Despite the FCC moving toward ending the ban on in-flight cell usage, there’s still one stumbling block on the road to iPhone freedom; the airlines. Delta CEO Richard Anderson doesn’t care what the FCC decides — as far as he is concerned Delta is still a no-fly zone for personal cell calls. But he’s not completely unreasonable.
In a company-wide memo sent to Delta’s 80,000 employees, Anderson laid out his vision for the future, and it’s not as unfriendly to your phone as you might expect. Once the FCC ban is lifted, travelers will have access to text, email and silent methods of communication. Delta will only draw the line at talking on the phone. Why you ask? Simple. The customers wanted it.
In his statement Anderson cites a 2012 survey the airline took about cell usage.
… a clear majority of customers who responded to a 2012 survey said they felt the ability to make voice calls onboard would detract from – not enhance – their experience. Delta employees, particularly our in-flight crews, have told us definitively that they are not in favor of voice calls onboard.
Delta has a point and this writer is completely on board with its plan. Look, I’m sure most of you would be perfectly reasonable with your volume if you were able to talk on your cellphone mid-flight. But rules don’t exist to deal with the considerate majority.
They exist because of the jerks in the world who would shout into their phones for an entire six-hour flight complaining about a baby that stopped crying 10 minutes into their call. As flying becomes more uncomfortable, compact and penny-pinching (seriously, let me have the whole damn can of soda), it’s nice to know there’s one area where our comfort will be taken into consideration.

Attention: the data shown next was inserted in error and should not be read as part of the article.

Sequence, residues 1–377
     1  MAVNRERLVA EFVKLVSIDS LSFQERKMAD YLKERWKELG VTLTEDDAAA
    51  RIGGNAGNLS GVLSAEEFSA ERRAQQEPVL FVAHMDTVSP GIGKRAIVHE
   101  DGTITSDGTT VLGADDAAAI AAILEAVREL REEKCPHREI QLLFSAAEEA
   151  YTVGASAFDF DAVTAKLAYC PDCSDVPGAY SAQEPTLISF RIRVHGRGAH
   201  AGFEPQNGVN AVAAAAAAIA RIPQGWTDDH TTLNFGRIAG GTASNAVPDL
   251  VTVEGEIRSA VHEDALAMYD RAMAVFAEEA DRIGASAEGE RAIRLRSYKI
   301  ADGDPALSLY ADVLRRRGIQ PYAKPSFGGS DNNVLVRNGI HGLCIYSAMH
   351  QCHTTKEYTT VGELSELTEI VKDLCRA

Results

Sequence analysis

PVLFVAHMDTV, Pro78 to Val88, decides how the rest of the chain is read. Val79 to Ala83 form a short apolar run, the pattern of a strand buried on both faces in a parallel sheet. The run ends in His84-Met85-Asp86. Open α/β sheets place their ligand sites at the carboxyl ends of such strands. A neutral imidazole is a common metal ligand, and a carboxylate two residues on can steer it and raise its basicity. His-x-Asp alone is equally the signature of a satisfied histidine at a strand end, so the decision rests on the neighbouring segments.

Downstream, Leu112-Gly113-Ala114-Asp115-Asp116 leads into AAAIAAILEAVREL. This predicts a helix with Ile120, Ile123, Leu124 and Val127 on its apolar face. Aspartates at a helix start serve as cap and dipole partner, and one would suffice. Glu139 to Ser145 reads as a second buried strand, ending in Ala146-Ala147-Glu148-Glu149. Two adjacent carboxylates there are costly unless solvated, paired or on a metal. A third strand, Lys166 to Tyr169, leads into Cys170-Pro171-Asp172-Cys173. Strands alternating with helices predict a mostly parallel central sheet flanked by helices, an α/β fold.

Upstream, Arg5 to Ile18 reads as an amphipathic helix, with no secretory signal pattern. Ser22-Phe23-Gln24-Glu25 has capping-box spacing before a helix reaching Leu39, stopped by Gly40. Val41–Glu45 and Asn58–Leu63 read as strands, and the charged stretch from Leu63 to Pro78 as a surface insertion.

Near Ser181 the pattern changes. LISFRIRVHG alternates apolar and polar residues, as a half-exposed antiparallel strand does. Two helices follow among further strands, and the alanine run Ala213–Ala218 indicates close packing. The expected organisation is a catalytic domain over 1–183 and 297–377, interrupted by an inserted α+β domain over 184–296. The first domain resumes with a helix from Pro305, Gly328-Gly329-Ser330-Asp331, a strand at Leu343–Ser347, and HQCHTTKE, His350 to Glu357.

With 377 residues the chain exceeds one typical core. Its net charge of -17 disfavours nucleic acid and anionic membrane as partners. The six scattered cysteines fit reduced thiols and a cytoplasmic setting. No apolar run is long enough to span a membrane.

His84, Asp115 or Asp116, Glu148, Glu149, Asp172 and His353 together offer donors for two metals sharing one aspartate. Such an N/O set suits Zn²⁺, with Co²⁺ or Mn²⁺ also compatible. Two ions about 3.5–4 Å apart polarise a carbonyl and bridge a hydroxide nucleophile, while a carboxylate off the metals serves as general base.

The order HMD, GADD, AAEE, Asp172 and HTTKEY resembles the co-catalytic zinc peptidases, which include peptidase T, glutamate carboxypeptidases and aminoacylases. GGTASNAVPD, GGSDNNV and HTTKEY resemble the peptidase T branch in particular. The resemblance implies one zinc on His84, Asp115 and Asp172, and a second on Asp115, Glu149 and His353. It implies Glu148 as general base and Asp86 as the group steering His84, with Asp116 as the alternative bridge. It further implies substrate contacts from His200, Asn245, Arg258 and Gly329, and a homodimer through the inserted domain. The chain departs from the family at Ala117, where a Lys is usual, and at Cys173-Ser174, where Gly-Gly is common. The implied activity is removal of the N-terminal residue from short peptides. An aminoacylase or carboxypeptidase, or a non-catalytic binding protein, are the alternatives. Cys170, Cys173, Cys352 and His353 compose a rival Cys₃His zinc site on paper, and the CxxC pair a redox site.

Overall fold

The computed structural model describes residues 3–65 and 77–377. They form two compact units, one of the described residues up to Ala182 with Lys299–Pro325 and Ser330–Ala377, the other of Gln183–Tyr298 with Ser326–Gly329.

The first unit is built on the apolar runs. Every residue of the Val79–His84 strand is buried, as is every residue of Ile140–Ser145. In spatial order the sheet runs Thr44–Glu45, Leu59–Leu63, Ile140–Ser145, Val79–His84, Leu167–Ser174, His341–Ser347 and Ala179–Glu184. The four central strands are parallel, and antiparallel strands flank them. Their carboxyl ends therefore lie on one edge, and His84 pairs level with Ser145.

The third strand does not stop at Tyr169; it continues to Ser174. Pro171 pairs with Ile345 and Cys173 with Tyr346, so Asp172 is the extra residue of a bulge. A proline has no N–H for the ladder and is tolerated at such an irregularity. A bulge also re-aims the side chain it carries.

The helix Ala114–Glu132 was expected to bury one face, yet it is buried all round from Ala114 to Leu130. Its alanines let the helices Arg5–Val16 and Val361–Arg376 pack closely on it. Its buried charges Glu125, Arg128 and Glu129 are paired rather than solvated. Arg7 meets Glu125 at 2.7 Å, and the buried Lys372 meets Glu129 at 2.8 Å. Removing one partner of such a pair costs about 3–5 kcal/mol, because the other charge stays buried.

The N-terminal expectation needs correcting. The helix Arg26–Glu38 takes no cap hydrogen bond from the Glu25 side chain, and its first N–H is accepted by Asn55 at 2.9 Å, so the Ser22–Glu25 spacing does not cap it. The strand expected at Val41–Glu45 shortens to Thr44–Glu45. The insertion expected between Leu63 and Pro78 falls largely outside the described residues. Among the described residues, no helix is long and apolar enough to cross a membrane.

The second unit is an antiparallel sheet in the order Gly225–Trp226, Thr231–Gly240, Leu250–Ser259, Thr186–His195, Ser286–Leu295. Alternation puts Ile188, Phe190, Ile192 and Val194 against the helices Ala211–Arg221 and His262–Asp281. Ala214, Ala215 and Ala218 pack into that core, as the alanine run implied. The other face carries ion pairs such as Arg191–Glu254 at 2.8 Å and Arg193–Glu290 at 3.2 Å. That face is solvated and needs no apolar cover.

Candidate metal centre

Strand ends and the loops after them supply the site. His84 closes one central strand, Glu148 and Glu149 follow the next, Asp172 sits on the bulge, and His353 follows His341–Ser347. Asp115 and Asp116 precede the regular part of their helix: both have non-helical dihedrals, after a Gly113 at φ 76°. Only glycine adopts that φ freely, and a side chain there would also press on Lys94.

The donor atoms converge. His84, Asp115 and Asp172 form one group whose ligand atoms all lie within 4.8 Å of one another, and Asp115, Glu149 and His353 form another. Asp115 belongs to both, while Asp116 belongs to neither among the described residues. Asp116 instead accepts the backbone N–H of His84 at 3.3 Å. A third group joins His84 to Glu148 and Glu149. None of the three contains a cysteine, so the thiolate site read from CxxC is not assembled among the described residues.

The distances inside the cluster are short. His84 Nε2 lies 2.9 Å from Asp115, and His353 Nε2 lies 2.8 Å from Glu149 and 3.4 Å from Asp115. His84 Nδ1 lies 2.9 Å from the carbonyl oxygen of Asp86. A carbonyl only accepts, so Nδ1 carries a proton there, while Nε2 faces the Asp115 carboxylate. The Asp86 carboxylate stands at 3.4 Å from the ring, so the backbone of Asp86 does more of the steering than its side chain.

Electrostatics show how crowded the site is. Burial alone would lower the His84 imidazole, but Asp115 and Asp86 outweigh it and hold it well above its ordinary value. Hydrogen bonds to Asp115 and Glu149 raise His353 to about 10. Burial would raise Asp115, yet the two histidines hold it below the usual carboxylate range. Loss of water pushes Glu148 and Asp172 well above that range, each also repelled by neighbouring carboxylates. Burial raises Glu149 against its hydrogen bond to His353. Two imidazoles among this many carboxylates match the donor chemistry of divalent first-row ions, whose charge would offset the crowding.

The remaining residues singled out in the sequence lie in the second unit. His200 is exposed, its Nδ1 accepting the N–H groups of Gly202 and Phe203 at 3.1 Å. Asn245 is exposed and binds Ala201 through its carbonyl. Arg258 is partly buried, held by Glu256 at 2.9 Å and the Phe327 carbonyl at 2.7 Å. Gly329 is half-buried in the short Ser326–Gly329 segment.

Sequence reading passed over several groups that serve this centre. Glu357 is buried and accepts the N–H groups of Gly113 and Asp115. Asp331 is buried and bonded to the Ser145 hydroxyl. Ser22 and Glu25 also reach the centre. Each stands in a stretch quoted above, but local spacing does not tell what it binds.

You can read the complete Delta memo below.
Last week the U.S. Federal Communications Commission voted to seek public comment in consideration of lifting its ban on in-flight cell phone use. Delta will not allow cellular calls or internet-based voice communications onboard Delta or Delta Connection flights.
Our customer research and direct feedback tell us that our frequent flyers believe voice calls in the cabin would be a disruption to the travel experience. In fact, a clear majority of customers who responded to a 2012 survey said they felt the ability to make voice calls onboard would detract from – not enhance – their experience. Delta employees, particularly our in-flight crews, have told us definitively that they are not in favor of voice calls onboard.
Delta has moved quickly when technological and regulatory breakthroughs provide opportunities to make flying better for our customers. That is why we were the first to file our plan with the U.S. Federal Aviation Administration to allow customers to use portable electronic devices below 10,000 feet. Similarly, if the FCC lifts its ban on cellular use in flight, Delta will move quickly to enable customers to use text, email and other silent data transmission services gate to gate.
Even as technology advances and as regulations are changed, we will not only consider what we can do, but as importantly we will also consider what is right for our customers and our employees. This is yet another example of how we continue to have your back and how we also rely on your professionalism and experience to guide our actions and decisions.
Thanks for all you do every day for our customers, our colleagues and our business.